War of the Rebellion: Serial 118 Page 0142 PRISONERS OF WAR AND STATE, ETC.

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of prison experience is quite enough to stamp the statements made concerning the barbarities of Camp Chase with the character they deserve.

Reuben Sebree, the man spoken of in this article, was a citizen prisoner from Kentucky and was released on giving $1,500 bond. The same statements were made to me (only a little stronger) that appear in this article.

D. B. TIFFANY,

Prison Provost- Marshal.

(Sebree was released on the 19th of December.)

[Inclosure- From the Columbus, Ohio, Crisis.]

HORRIBLE DISCLOSURES IN RELATION TO A POLITICAL PRISON.

We speak wholly of the political prison, the prison of the State, as we know nothing whatever of what occurs in the prison where "rebels taken in arms" are kept; that is, the prisoners of war. It must not be forgotten that there have been from 600 to 700 political prisoners at Camp Chase at a time, and although 700 have been lately discharged without trail there are yet there some 400. One hundred or 200 of these have arrived there within a few days past from Kentucky and Western Virginia. These men are taken from their homes, some from their beds at night, some from heir houses in daytime, and a great many of them are picked up in their fields at work and never suffered to see their families before being spirited off to Ohio and incarcerated in this celebrated Bastile, which will soon be as famous as Olmutz itself. Our Ohioans are put in the same prison with these men from other States and from them we have learned some facts which the people of Ohio ought to know. Many of these men have been kept in this prison for over one year, a great many for five, six, seven and eight months, without even seeing outside or being allowed to communicate personally with any one, not even wife, child, other, mother or stranger. They are furnished with nothing but a single blanket even these cold nights unless they are able to purchase additional comforts with money they may be able to command. Many are poor men and unable to purchase. They were not permitted to bring along a change of clothing and many had on when seized nothing but summer wear, and that has become filthy, worn out and scarcely hangs upon their backs. They have no bedding and are therefore compelled to sleep on the bare boards. They have not enough wood furnished to keep fires up all night, hence the suffering is intensified by the cold weather. If they attempt after night to walk out in the yard to take off the chills of the dreary night they are instantly threatened to be shot by the guards as ordered by those in command.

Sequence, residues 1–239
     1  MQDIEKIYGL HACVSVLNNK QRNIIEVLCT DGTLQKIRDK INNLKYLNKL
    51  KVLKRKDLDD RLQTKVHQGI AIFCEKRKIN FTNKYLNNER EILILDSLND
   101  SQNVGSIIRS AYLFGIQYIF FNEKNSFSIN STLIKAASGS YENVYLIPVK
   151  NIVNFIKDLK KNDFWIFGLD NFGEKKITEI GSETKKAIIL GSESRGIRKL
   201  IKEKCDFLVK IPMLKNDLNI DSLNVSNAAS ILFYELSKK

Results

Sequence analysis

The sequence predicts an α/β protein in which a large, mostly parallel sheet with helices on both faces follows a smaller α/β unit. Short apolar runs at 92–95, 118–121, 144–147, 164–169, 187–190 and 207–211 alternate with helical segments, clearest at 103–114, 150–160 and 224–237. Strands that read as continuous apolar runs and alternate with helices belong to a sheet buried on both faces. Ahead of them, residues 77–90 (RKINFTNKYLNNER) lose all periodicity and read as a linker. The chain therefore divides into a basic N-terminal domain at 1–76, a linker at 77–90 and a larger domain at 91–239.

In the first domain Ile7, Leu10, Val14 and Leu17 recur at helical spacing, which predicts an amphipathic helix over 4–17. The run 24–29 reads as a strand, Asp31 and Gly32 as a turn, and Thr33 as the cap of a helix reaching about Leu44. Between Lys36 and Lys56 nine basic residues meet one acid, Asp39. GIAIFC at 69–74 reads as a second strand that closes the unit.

Doctor Allen, of Columbiana County, Ohio, said he lay on a bare board until his hips were black and blue. The wood furnished them is four feet long and they are compelled, each mess, to chop it up for themselves, and the provisions being furnished raw they have to cook for themselves. Recollect always that these are political prisoners against whom no one appears as accuser and no trial is permitted. The prison has become filthy, awfully so, and the rats are in droves. If the prisoners attempt to kill one of these rats they are forbidden and threatened with being shot instantly. Recollect always as we sid above these are political prisoners against whom some malicious negro